Last update (15/11/2023)
Real GDP growth is projected to fall by 0.6% in 2023, before recovering to 1.4% in 2024 and 2.0% in 2025. The below-average growth in 2023 is mainly due to weak investment linked to tighter financing conditions and to lower net exports, while their rebound explains the improvement in 2024. After reaching a record high in 2022, headline inflation is set to decelerate over the forecast horizon, supported by measures to mitigate the impact of high energy prices. The projected government deficits are expected to drive up the government debt-to-GDP.
|GDP growth (%, yoy)||-0,6||1,4||2,0|
|Inflation (%, yoy)||3,2||3,0||1,8|
|General government balance (% of GDP)||-1,9||-2,1||-1,0|
|Gross public debt (% of GDP)||26,8||28,7||29,3|
|Current account balance (% of GDP)||-1,2||-2,0||-3,0|
Growth expected to remain below pre-pandemic levels up to 2025
After a small rebound in 2023-Q1, real GDP contracted by 0.1% q-o-q in 2023-Q2( ) on the back of a decrease in investment and exports. The weakening of activity in recent quarters was mainly observed in the financial, trade and construction sectors. Domestic demand is underpinned by the growth in private and government consumption, also supported by the introduction of additional government support measures and three wage indexations in 2023. Nevertheless, private consumption growth is projected to decline slightly due to the slowdown in the labour market, which is expected to lead to precautionary savings. Therefore, savings rates are still well above historical levels. At the same time, investment is expected to remain weak due to the uncertain economic outlook in combination with the impact of higher interest rates weighing on bank lending and loan demand, especially for mortgages. A negative contribution from net exports, due to negative export growth, is set to result in a GDP growth of -0.6% in 2023, well below the pre-pandemic trend. In 2024 and 2025, with an expected GDP growth rate of 1.4% and 2.0% respectively, the economy is forecast to recover, mainly driven by domestic demand, supported by private consumption and investment while government consumption levels off, along with a more neutral contribution from net exports.
Labour market set to slow down
Mirroring the decline in economic activity in 2023, the labour market is expected to weaken. Employment growth is projected to slow down from 3.4% in 2022 to 1.7% in 2023 and 1.2% in 2024, before starting to recover to 1.5% in 2025. Unemployment dropped to 4.6% in 2022, but is expected to increase to 5.5% in 2023, 5.9% in 2024 and 6.0% in 2025.
Fiscal measures to lower headline inflation
Headline inflation increased to a record high of 8.2% in 2022, mainly driven by energy and food price increases. Energy price inflation is, however, set to moderate over the forecast horizon, amid expected lower energy prices supported by energy measures (Solidaritéitspak 3.0). HICP inflation is, thus, set to drop to 3.2% in 2023, 3.0% in 2024 and further down to 1.8% in 2025. Although wage growth is strong in 2023, the fact that several public services became free will contribute to a less pronounced increase in services prices. Headline inflation excluding energy and food prices is expected to decrease from 4.2% in 2022 to 3.9% in 2023 and this trend is expected to continue in 2024 and 2025, when it would decline to 2.7% and 2.3% respectively.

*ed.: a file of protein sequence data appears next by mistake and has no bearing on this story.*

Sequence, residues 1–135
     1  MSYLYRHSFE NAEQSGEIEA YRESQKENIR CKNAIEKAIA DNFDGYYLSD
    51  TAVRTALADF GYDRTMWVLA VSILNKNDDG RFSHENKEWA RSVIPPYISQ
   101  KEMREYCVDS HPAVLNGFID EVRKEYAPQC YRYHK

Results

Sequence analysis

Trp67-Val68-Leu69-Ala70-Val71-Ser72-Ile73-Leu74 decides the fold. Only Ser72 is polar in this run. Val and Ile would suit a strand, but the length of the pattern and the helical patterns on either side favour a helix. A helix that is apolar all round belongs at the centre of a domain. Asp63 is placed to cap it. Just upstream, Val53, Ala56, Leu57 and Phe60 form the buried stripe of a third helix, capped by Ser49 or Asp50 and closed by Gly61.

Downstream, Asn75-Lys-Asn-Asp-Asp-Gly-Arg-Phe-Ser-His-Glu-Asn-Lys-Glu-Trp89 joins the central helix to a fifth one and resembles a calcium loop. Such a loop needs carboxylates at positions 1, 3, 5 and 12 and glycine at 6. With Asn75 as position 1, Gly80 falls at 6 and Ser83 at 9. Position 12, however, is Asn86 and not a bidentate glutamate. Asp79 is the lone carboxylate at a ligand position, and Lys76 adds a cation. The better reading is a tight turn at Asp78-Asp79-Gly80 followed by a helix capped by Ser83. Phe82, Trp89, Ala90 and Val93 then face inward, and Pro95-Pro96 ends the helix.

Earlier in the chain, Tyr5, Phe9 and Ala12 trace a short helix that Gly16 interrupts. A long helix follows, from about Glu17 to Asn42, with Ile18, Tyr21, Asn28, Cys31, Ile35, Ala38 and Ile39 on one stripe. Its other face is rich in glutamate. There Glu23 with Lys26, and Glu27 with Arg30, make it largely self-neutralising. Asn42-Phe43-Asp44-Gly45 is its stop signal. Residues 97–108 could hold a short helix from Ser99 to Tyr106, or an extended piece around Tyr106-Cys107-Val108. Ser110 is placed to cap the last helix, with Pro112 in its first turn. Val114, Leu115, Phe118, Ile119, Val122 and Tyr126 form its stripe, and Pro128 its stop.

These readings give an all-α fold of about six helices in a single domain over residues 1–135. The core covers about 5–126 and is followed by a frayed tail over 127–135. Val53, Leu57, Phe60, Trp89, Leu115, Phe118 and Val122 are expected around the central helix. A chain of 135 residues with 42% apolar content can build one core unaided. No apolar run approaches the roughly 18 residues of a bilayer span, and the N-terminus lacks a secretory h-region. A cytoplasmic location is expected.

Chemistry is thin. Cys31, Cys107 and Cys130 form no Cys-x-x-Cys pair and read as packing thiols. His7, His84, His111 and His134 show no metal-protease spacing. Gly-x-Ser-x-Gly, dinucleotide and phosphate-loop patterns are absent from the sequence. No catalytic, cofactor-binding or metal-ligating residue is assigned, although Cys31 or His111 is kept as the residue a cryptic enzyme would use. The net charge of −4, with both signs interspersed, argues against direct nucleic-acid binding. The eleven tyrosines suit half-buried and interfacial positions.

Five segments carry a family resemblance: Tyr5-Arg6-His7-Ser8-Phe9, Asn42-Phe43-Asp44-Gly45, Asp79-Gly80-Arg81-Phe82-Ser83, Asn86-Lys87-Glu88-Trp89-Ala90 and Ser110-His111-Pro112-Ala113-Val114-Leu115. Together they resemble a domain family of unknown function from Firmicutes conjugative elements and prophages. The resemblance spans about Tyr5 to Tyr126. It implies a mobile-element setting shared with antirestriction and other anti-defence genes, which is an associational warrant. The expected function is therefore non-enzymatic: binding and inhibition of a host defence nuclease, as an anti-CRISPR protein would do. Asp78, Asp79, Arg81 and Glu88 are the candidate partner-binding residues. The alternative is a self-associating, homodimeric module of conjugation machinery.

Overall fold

Economic slowdown and cost of fiscal support measures weigh on public finances
In 2023, the government deficit is projected to widen to 1.9% of GDP (from 0.3% in 2022) amid weak economic growth and an increasing impact of measures to mitigate the impact of high energy prices and to support household purchasing power and the income of corporations. Energy-related measures have an estimated impact of 0.9% of GDP, with the other measures attaining 0.6% of GDP. Expenditure is also rising due to three successive automatic wage indexations pushing-up compensation of employees and social transfers. Revenue growth is expected to moderate in 2023, from the high growth rate in 2022, due to the slowdown in economic activity, including in housing and the fund management sector. The temporary 1 pp. VAT rate reduction in 2023 also contributes to this moderation. Nevertheless, revenue continues to benefit from the strong labour market via higher personal income tax and social contributions.
In 2024, the government deficit is projected to increase to 2.1% of GDP mainly as a result of lower growth in revenues on the back of the economic slowdown and revenue measures to support household and corporations. The revenue measures relate to the wage compensation of the third index tranche for corporates that was triggered in September 2023 and that is implemented via a reduction in social security contributions in 2024. In addition, revenues are reduced by the upward adjustment of the personal income tax brackets. Revenues are supported in 2024 by the reversal of the 1 pp. VAT rate reduction in 2023. The net budgetary cost of measures to mitigate the impact of high energy prices (0.4% of GDP) and of the other measures (0.9% of GDP) remains at a high level in 2024. Expenditure growth is projected to slow down due to lower subsidies and a single wage indexation expected for 2024, which moderates the growth of compensation of employees and social transfers. In 2025, the government deficit is forecast to decline to 1.0% of GDP. This is mainly driven by the lower impact of the other measures (0.5% of GDP) and the energy-related measures (0.3% of GDP, gas and electricity price measures are assumed to remain in place until end 2025), and lower growth in compensation of employees. Revenue is projected to recover from the low growth rate in 2024 driven by higher income and wealth taxes.
The general government deficits are projected to drive the debt-to-GDP ratio upwards, from 24.7% in 2022 to 29.3% in 2025.